Unlike Random Lake, Town Board approves funding for private group
Town of Fredonia voters didn’t bat an eye at last week’s special meeting on the 2016 budget when asked to support funding for the Random Lake Union Cemetery.
Residents unanimously approved a recommendation from the Town Board that a $1,000 donation be made to the Random Lake Cemetery Association, which maintains the unaffiliated cemetery on Random Lake Road.
The group of volunteers that make up the association had asked for $2,000 to help maintain the cemetery, but town officials were reluctant to grant the full amount after learning that Village of Random Lake officials contended they could not use tax dollars to support a private organization.
Town officials scoffed at the explanation, and suggested the association assess a surcharge for burial plots sold for people who did not live in communities that support maintaining the cemetery.
Town officials have been told about 40% of the graves in the cemetery are for people from the Town of Fredonia, 40% from Random Lake and 20% from the Town of Sherman.
There are 311 graves in the cemetery, some dating back to before the Civil War.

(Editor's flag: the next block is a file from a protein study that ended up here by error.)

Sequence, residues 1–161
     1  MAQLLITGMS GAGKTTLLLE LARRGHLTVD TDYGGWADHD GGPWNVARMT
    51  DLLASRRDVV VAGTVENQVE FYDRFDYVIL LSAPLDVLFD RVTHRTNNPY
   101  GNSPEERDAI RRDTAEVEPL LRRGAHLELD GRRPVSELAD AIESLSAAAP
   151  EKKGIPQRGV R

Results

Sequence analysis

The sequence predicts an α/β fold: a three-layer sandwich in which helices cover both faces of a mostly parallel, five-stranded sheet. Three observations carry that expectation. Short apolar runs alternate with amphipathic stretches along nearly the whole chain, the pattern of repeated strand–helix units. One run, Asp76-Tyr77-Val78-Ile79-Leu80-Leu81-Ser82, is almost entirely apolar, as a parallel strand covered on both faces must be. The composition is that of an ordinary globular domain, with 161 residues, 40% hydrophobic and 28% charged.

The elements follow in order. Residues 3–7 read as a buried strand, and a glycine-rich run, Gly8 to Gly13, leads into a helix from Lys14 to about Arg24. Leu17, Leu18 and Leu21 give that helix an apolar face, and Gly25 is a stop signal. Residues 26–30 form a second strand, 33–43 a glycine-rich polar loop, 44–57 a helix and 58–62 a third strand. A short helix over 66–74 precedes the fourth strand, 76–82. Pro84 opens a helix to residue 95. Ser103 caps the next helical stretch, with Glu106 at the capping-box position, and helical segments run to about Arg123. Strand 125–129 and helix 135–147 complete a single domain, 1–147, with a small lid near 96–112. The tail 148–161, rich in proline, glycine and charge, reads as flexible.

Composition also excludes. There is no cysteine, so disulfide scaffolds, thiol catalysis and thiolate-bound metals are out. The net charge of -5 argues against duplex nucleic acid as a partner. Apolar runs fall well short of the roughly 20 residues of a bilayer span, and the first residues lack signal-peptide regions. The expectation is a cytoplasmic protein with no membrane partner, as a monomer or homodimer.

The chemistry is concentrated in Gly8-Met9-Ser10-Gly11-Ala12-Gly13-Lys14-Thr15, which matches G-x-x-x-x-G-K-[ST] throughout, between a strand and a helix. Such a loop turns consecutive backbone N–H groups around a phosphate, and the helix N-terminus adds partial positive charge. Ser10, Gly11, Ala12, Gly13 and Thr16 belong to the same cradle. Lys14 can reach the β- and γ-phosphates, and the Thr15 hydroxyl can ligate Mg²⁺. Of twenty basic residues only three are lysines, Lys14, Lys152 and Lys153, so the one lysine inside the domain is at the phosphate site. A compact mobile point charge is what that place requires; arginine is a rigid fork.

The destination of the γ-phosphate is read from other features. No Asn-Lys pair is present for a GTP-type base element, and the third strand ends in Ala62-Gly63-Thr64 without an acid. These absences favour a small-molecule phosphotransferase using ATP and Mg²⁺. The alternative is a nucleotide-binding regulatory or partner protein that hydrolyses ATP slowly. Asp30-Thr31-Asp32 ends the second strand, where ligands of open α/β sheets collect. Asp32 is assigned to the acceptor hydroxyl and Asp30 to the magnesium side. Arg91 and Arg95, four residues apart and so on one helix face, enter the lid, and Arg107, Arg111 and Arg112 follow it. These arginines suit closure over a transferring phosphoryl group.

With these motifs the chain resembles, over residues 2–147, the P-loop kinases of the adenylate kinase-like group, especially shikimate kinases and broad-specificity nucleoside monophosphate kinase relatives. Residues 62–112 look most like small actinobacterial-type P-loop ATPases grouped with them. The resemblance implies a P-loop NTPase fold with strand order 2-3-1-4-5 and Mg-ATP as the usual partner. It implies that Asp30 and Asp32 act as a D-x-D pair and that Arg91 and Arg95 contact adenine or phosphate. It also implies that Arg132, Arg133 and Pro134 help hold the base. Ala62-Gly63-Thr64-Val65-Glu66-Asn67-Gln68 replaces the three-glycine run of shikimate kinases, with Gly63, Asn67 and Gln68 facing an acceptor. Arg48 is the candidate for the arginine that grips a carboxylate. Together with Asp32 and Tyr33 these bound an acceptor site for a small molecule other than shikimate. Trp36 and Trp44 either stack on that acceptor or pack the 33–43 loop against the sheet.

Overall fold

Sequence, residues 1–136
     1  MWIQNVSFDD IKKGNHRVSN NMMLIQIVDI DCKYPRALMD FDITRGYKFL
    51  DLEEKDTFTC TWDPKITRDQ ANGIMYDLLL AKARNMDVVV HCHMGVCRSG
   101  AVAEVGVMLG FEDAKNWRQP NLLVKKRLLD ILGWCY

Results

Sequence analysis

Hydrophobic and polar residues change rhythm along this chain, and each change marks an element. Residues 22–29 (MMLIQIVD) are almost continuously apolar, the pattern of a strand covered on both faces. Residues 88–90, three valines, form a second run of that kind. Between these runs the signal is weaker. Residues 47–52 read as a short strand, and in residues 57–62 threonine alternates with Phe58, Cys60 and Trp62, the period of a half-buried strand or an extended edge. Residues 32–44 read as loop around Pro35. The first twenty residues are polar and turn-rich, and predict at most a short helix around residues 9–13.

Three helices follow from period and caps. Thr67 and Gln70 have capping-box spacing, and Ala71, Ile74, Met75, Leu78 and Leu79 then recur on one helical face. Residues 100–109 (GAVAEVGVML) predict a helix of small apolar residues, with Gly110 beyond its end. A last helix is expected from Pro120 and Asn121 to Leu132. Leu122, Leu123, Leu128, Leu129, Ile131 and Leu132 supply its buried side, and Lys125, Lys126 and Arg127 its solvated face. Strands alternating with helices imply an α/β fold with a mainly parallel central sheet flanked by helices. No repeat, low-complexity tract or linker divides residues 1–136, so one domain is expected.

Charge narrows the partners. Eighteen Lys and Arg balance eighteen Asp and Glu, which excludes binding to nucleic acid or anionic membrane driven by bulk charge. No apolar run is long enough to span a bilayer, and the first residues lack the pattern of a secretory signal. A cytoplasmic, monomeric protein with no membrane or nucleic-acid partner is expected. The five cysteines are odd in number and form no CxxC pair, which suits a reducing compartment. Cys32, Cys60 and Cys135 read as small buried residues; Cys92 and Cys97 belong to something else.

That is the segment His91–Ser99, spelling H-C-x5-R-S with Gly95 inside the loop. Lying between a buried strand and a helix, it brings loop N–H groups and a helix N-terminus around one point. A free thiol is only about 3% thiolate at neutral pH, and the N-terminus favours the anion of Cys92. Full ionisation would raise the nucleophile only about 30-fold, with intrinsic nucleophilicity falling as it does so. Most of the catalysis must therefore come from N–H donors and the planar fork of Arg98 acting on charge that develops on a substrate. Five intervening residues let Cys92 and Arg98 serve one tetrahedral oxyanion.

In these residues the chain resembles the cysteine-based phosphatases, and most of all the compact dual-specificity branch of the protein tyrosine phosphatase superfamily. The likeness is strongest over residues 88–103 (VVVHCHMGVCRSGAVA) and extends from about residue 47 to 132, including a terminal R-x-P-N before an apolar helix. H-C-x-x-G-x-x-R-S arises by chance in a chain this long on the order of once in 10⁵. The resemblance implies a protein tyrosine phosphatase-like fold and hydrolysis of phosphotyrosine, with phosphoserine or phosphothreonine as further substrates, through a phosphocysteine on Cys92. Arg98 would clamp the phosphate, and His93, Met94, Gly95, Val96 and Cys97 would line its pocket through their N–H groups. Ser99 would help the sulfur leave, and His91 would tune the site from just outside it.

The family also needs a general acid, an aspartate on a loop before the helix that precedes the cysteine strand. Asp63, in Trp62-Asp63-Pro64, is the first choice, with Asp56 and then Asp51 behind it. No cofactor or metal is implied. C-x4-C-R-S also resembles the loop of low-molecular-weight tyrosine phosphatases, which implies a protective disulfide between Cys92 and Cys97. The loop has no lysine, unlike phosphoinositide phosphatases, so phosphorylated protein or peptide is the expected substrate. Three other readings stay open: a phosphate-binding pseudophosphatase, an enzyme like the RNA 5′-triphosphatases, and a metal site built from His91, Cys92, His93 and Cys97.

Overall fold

Officials noted maintaining the graveyard is a public issue, because if the association fails, responsibility for maintaining the cemetery would be passed on to the township.
Electors at the special town meeting readily approved the funding.
Other recurring funding measures backed by residents included donating $600 to Fredonia Little League, $7,500 to the National Flag Day Foundation and $500 to Ozaukee Economic Development.
Almost as matter-of-factly, residents approved the $485,196 tax levy sought by the Town Board for the 2016 town budget.
The levy represents a 0.6% increase from last year’s amount of $482,206.
Following the special meeting of electors, the Town Board unanimously approved the budget of $728,846. That spending plan represents a 1.3% decrease from the previous budget.
Although the town’s new tax levy is relatively stable, the tax rate will be affected by the community’s 18% drop in valuation following a market-value reassessment.
Despite the change, Supr. Jim Stemper said, “taxes should stay about the same.”
Among the downward trends incorporated in the town budget is an anticipated 24% drop in recycling revenue. The amount represents the money paid for paper, plastic, glass and metal collected at the town’s recycling center.
“That’s because the market for recycled material is lousy,” Town Chairman Richard Mueller explained.